I enjoy a hot cup of coffee and I have a Keurig, but then I saw this article about how nasty they are on the inside and I wanted to vomit and throw my machine out. Well, not really. I don't want to toss it in the trash just yet, but I am very grossed out at what this article reminds us of.



For starters, the only way we can clean our Keurig is by running water or vinegar through it. We can't really get down on the inside and scrub it out. And you know what happens with sitting water right? Water that sits in the machine, in the dark, turns to mold and bacteria.

That mold and bacteria is probably used to make our coffee! Sounds nasty right? So what do we do? There's only a few options. You can try cleaning it with a few cycles of water and vinegar. You can throw out your old Keurig and get a new one that has a water tank you can see, empty, and clean. Or you can just drink your moldy bacterial coffee and say "who cares?"

I'm going to clean the old one out and get a new one when I can. You can do whatever works for you. If you continue drinking from your old and possibly moldy machine, then that's your choice. I don't think you'll grow an extra limb or anything, but it's still kinda yucky right?

Everything about this makes me sad because I love my coffee and K-Cups!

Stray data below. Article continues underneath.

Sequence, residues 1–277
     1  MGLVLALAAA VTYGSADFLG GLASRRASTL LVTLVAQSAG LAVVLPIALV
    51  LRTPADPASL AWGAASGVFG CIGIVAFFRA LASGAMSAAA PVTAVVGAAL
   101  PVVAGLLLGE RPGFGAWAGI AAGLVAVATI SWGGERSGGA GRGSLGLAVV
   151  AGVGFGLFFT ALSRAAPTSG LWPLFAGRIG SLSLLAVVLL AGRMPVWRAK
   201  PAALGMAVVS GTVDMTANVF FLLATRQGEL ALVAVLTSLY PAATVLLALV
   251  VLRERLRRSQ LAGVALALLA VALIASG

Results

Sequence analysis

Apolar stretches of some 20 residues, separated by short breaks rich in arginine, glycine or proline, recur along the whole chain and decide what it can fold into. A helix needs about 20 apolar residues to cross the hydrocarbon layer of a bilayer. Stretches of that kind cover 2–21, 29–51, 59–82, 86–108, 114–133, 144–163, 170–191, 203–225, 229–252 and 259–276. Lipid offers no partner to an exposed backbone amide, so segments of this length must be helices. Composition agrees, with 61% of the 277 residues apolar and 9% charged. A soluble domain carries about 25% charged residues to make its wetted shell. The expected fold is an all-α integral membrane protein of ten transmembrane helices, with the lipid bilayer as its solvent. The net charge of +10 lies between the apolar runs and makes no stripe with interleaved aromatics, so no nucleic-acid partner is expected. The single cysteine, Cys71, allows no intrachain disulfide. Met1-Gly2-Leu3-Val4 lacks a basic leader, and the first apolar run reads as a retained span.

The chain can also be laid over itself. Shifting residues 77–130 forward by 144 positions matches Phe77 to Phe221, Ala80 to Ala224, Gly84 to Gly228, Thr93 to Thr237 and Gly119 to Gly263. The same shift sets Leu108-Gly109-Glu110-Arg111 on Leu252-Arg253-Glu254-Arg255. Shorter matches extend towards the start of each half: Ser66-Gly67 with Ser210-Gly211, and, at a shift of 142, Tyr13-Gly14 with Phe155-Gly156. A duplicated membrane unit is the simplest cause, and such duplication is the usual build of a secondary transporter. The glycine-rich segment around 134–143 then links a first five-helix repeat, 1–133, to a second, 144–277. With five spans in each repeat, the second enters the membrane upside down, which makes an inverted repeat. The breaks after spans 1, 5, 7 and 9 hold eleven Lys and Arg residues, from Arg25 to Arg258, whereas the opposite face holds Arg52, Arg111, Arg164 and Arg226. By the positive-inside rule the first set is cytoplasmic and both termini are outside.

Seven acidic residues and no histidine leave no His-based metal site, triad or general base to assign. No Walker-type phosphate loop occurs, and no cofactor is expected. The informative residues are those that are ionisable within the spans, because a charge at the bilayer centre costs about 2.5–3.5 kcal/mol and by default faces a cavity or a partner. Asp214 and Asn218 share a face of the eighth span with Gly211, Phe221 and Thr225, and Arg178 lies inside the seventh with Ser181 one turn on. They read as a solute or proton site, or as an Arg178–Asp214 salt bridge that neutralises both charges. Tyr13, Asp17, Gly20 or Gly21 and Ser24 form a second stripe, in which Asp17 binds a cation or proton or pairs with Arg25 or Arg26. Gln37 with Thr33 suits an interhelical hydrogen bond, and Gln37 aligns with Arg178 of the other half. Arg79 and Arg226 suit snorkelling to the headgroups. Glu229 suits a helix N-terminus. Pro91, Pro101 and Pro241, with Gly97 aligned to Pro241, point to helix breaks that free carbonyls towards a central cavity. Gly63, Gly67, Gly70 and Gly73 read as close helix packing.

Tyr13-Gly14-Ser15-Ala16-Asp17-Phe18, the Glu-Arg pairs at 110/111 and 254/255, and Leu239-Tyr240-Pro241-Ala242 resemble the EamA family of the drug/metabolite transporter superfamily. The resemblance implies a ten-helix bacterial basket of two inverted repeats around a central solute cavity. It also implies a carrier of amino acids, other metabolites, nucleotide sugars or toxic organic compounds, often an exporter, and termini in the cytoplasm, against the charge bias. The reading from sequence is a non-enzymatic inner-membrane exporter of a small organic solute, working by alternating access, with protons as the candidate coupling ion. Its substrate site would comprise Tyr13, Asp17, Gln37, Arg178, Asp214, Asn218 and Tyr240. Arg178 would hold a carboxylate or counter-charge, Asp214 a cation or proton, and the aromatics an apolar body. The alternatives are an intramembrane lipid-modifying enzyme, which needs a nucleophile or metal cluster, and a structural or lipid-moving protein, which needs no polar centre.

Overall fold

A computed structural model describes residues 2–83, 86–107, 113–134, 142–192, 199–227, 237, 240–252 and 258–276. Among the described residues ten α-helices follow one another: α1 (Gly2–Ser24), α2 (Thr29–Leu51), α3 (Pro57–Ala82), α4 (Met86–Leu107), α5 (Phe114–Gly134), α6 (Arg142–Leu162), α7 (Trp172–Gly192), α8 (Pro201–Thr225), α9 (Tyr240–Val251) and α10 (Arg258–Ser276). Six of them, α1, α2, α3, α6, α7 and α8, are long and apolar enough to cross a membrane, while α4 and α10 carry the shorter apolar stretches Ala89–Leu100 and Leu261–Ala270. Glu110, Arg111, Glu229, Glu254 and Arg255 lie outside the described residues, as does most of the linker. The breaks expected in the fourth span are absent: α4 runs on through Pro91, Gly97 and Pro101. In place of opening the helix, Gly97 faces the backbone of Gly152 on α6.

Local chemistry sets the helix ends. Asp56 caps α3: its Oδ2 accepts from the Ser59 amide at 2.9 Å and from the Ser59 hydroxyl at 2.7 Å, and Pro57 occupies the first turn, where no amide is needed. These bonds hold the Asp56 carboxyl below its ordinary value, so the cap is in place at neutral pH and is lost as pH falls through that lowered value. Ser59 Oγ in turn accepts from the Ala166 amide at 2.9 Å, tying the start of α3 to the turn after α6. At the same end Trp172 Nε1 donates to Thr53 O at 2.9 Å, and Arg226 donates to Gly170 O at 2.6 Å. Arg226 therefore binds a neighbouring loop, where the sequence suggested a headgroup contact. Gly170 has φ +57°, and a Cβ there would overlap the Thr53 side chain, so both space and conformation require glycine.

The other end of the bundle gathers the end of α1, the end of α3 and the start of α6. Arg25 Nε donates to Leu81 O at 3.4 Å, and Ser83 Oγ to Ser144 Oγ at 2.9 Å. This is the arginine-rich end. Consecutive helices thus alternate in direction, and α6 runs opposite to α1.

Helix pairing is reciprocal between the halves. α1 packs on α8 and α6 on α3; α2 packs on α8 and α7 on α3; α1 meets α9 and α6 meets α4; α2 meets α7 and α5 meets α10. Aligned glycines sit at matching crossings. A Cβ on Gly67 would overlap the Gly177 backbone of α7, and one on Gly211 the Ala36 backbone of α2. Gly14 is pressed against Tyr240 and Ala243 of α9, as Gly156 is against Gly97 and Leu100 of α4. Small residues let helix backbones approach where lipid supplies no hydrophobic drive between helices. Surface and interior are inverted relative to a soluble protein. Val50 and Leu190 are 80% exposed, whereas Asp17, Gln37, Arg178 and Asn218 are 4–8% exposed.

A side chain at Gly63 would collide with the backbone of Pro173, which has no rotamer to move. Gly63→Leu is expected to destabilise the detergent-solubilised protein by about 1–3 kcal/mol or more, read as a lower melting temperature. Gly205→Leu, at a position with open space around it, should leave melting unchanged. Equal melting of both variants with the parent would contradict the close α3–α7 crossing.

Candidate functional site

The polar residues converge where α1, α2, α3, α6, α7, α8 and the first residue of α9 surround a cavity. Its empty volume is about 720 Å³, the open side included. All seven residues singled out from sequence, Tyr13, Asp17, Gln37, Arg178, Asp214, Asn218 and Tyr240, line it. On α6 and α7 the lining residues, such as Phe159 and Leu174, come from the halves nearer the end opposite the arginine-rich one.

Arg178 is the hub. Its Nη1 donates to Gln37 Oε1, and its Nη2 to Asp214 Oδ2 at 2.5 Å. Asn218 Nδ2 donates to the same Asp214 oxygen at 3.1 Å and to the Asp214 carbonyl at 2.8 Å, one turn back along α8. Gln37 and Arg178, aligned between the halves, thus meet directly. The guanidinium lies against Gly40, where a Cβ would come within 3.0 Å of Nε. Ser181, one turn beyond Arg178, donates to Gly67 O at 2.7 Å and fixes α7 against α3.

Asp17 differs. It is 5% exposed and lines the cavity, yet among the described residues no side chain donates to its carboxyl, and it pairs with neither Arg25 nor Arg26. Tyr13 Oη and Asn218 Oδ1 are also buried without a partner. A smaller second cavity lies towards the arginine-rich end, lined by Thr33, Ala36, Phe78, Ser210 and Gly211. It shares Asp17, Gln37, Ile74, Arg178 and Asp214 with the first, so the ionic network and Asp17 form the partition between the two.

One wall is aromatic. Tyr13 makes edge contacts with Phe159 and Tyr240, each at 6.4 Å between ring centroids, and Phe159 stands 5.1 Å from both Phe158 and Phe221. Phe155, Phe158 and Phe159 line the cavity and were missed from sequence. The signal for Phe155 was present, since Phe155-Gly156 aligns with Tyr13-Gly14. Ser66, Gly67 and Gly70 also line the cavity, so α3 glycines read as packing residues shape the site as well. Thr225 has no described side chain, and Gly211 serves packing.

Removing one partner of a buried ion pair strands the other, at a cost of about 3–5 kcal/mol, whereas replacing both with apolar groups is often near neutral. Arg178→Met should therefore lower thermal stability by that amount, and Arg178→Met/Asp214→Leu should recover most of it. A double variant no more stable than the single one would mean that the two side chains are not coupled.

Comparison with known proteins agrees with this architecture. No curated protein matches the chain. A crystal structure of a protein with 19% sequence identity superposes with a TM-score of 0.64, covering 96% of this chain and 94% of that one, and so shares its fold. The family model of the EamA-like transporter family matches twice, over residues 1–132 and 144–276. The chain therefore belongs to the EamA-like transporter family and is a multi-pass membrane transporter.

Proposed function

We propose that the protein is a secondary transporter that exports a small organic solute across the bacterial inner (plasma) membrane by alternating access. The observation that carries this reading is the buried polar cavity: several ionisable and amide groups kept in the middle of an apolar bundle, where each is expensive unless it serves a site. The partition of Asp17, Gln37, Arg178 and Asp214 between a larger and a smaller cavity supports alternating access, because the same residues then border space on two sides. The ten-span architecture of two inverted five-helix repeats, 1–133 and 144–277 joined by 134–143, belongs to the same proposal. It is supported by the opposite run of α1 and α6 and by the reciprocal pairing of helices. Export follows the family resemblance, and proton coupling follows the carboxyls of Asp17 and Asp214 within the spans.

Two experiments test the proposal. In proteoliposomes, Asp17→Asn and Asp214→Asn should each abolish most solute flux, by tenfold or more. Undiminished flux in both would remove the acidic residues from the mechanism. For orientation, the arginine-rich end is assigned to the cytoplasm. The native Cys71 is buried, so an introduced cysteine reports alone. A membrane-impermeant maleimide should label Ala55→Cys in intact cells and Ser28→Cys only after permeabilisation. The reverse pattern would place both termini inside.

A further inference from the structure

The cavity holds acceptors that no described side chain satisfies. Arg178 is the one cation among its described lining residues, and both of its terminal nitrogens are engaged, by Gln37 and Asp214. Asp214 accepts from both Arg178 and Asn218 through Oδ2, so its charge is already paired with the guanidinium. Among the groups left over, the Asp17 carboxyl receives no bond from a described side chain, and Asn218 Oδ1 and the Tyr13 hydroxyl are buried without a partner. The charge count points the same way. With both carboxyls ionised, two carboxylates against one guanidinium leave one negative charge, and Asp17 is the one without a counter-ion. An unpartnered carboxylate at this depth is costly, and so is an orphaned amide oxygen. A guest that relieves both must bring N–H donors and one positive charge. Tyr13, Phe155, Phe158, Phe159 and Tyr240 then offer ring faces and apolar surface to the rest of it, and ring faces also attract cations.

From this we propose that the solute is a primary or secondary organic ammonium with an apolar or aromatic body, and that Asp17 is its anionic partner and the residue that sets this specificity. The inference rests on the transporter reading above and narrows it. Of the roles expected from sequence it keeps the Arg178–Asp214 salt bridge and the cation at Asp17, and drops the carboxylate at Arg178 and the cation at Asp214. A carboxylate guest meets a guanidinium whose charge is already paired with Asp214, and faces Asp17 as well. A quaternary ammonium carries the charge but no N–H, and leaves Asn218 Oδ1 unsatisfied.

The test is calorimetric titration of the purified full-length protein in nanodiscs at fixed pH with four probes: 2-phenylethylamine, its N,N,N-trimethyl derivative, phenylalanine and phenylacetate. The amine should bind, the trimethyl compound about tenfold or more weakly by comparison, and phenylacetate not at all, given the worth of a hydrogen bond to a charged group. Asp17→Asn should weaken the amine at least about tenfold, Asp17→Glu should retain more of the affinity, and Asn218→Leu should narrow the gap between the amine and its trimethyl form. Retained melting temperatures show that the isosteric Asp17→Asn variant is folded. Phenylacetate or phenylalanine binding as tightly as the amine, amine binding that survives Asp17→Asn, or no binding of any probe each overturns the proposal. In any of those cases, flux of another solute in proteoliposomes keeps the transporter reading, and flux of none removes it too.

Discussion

Here's more information on potentially moldy and bacteria laced Keurig machines.

 

Donna Duberg, M.A., M.S., an assistant professor of clinical laboratory science at Saint Louis University said, “Bacteria forms a slick biofilm when grown in moist, dark places, and so do molds.”

No, your coffee bean’s antibacterial action is not enough to kill these microbes that are floating through the system. Duberg said, “There is research which shows that it is only about 50 percent effective in killing bacteria, such as Staphylococcus aureus and Streptococcus mutans, and molds.”

No, your water is not getting hot enough to kill all microbes that are living in your coffee system. For that to happen, the water would need to reach boiling temperature and stay there for one minute.  And, for heaven’s sake, wash your workplace coffee mug with dish soap and water. Researchers found that half of workplace coffee mugs were contaminated with fecal bacteria.

Can you clean the Keurig? The first step is to empty out the exterior water tank and look inside the tank. Does it feel slimy? Clean and dry that tank and run a few cycles of diluted vinegar through the Keurig. Good luck with that.  One person said, “I could still smell a moldy aroma after doing quite a few vinegar cycles. There were also black, floaty things in my cup even when I just brewed hot water.”

Our Keurig is about ten years old, so we're due for a new one. This one works perfectly fine though and I'd rather not spend cash to get something I already have!

I'm going to clean this one out, then inspect it, and then decide if we should get a new one. I know what you're thinking - just get the new one, right?

You're right. I won't give up on the K-Cups just yet. They're too darn convenient and the amount of flavors you can get is amazing.

What will you do with your Keurig? Clean it, trash it, or replace it?

Posted on March 4, 2017 in Science and filed under Keurig, nasty, viral.
Source: healthy-holistic-living,